Wednesday, 27 June 2007

Ceisteanna (214, 215, 216)

Paul Kehoe

Ceist:

264 Deputy Paul Kehoe asked the Minister for Social and Family Affairs the status of the renewal of family income supplement for a person (details supplied) in County Wexford; when a decision will be made; and if he will make a statement on the matter. [17794/07]

Amharc ar fhreagra

Freagraí scríofa (Ceist ar Minister for Family)

Family Income Supplement is designed to provide income support for employees on low earnings with children and thereby preserve the incentive to remain in employment in circumstances where the employee might only be marginally better off than if s/he were claiming other Social Welfare payments. My Department received an application for Family Income Supplement from the person concerned on 19 April 2007. It was necessary for her application to be referred to a Social Welfare Inspector for investigation of her employment. The information required to complete the investigation has now been received from her employer, and the Inspector is completing his report. The application will be referred shortly for decision which will be communicated to the person concerned.

Bernard Allen

Ceist:

265 Deputy Bernard Allen asked the Minister for Social and Family Affairs if a person (details supplied) in County Cork is entitled to the back to education scheme. [17823/07]

Amharc ar fhreagra

The back to education allowance (BTEA) is a second chance education opportunities scheme designed to encourage and facilitate people on certain social welfare payments to improve their skills and qualifications and, therefore, their prospects of returning to the active work force. It is designed to assist people on long-term social welfare payments and is not intended for the general population. To qualify for participation an applicant must be in receipt of a relevant social welfare payment and must be at least 21 years of age before commencing an approved course of study. The person concerned is not in receipt of a qualifying payment and will not qualify for participation in the BTEA scheme. The requirement to be in receipt of a relevant social welfare payment for a minimum period has always been a feature of the BTEA scheme and this eligibility criteria is considered necessary to ensure that limited resources are directed at those most in need.

Róisín Shortall

Ceist:

266 Deputy Róisín Shortall asked the Minister for Social and Family Affairs if he will review the qualifying criteria for the fuel allowance with a view to including people in receipt of a small occupational pension as eligible applicants; and if he will make a statement on the matter. [17843/07]

Amharc ar fhreagra

The aim of the national fuel scheme is to assist householders on long-term social welfare or health service executive payments with meeting the cost of their additional heating needs during the winter season. Fuel allowances are paid for 29 weeks from end-September to mid-April and are not intended to meet the full cost of heating. Some 274,000 people benefited from the fuel allowance in 2006 at an estimated annual cost of €125.1million. As a consequence of the increase in rate and the increase in the income threshold for eligibility as announced in the recent Budget, annual expenditure on the scheme in 2007 will increase by an estimated €36.4 million. The total annual cost in 2007 is estimated at €161.5 million. Eligibility to the fuel allowance scheme is subject to means and other conditions. The main conditions that apply to the fuel allowance scheme are that a person must be in receipt of a qualifying payment, must satisfy a means test and must either be living alone or with a qualifying dependant. People who already qualify for means-tested pensions or allowances such as old age (non-contributory) pension, long-term unemployment assistance or one-parent family payment do not have to undergo a further means test to qualify for fuel allowance. Most people who receive fuel allowances qualify because they satisfy the relevant means test for their primary weekly payment. However, from 29 September 2006 people in receipt of the State Pension can have earnings of up to €100 per week from insurable employment and still maintain their entitlement to fuel allowance.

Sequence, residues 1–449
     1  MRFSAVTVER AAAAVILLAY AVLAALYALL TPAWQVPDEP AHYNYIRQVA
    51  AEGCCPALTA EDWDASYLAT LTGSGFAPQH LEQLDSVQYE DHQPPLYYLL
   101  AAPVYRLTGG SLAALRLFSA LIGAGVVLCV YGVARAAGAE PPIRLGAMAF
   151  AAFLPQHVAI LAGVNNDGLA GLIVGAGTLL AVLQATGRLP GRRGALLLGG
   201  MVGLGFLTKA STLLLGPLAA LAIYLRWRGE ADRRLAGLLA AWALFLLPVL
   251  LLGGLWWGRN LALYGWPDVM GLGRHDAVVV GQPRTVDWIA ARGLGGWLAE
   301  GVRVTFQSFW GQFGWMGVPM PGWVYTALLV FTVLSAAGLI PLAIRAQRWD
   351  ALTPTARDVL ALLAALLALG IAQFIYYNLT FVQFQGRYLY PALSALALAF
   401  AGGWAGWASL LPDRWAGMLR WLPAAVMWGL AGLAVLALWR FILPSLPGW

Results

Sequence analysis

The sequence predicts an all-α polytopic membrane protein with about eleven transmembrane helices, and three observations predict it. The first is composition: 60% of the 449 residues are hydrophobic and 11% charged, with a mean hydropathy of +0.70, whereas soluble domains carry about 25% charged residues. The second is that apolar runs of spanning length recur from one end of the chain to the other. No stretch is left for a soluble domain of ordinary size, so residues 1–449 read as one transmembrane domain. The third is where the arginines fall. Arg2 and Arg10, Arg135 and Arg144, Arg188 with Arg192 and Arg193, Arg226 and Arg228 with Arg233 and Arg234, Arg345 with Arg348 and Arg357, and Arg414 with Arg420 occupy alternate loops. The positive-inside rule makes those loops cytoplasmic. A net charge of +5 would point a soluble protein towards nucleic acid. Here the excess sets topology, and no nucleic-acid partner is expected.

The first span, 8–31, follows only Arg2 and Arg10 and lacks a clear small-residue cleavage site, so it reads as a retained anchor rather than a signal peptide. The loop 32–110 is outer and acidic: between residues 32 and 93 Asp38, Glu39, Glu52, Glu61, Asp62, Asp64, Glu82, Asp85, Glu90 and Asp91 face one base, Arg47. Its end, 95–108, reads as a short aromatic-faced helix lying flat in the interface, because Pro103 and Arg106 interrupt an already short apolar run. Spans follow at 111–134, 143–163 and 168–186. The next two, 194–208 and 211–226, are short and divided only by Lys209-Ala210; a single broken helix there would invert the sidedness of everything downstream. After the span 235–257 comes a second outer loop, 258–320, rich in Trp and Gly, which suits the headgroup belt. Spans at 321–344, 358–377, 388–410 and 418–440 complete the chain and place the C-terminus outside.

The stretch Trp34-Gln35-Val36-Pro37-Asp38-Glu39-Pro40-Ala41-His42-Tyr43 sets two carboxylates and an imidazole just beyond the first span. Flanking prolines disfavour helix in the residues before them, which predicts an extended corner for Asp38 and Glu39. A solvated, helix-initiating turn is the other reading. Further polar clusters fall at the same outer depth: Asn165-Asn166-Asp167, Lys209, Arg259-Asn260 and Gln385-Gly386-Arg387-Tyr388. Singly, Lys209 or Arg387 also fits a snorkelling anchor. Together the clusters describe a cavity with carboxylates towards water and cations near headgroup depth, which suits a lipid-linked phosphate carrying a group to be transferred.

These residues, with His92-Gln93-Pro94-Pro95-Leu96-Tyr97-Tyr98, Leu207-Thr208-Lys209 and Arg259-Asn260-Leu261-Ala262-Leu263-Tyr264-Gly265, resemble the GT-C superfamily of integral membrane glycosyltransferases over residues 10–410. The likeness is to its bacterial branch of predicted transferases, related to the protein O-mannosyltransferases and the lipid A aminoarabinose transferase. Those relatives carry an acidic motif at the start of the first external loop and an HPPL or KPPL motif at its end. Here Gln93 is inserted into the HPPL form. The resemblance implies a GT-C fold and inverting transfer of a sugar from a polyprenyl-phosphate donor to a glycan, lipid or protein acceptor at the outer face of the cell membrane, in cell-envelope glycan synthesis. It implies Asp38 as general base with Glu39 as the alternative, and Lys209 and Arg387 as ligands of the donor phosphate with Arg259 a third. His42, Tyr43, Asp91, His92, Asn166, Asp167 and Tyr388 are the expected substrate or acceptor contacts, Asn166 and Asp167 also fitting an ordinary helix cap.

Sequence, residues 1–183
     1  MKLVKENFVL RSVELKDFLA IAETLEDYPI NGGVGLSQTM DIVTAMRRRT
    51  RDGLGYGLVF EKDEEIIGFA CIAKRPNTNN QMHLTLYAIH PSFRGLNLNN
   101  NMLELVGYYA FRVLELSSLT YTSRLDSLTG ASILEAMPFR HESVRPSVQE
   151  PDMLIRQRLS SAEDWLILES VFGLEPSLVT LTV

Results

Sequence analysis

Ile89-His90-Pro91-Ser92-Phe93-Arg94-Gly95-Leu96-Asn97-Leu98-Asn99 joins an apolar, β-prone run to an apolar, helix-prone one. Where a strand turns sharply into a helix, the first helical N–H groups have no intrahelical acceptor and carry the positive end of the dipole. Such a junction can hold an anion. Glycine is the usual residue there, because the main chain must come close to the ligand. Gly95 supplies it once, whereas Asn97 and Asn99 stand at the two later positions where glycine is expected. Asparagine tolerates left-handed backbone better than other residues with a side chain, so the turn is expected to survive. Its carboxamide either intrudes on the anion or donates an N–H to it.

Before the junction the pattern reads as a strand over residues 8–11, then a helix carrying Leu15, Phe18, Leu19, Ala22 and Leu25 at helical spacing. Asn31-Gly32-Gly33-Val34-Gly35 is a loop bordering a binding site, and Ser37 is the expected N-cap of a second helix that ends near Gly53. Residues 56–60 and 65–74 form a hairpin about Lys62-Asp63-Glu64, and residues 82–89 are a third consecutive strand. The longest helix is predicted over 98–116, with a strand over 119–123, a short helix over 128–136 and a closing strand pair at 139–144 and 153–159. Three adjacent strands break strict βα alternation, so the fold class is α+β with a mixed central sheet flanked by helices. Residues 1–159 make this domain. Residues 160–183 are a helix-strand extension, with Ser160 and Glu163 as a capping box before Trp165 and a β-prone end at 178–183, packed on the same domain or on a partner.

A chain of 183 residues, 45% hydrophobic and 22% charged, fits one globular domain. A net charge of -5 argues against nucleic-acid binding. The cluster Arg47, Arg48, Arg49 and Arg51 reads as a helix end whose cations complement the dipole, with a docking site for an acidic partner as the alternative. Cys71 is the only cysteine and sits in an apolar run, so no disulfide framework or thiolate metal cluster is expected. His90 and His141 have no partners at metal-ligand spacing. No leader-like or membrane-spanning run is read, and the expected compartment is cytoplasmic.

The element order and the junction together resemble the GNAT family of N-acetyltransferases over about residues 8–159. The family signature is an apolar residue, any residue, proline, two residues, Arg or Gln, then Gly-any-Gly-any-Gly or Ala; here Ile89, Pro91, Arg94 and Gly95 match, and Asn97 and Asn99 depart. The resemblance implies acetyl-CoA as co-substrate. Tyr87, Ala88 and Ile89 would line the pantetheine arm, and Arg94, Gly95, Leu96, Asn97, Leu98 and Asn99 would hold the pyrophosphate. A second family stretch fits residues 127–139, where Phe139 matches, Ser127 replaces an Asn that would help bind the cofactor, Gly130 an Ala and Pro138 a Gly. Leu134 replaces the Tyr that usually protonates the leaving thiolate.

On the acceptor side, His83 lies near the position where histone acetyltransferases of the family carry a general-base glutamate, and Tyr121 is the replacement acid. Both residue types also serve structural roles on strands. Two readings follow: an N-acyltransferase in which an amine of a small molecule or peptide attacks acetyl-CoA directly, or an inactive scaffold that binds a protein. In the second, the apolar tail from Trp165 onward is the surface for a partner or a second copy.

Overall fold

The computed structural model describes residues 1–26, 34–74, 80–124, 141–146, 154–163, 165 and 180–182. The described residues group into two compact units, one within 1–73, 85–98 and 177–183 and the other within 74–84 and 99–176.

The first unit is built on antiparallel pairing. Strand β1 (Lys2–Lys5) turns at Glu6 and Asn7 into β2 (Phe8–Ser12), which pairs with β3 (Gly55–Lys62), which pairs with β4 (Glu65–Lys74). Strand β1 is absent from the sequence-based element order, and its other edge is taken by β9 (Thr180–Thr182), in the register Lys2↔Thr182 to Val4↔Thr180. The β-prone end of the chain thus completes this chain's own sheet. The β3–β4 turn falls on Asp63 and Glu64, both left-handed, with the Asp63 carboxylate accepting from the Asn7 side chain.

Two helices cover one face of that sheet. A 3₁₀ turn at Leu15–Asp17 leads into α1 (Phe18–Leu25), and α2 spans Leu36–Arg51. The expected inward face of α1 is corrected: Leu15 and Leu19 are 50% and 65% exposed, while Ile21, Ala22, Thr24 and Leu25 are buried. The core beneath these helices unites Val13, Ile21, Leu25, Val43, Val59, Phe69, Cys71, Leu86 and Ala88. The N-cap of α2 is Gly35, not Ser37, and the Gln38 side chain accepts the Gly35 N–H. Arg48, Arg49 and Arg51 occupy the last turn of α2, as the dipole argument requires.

In the case of contributory pensions such as State pension (contributory), State pension (transition) and invalidity pensions which are not means tested, earnings from insurable employment and/or occupational pensions are normally regarded as means for the purpose of determining an individual's entitlement to a fuel allowance. A person may have a combined household income of up to €100 per week, or savings/investments of up to €58,000, over and above the maximum rate of State pension (contributory) and still qualify for fuel allowance. Any changes in the means rules for the scheme, would have cost implications and would have to be considered in the context of the budget and in the light of the resources available for improvements in social welfare generally. In addition to the fuel allowance, some 340,000 pensioner and other households qualify for electricity or gas allowances through the household benefits package, payable towards their heating, light and cooking costs throughout the year, at an overall cost of €117 million in 2006.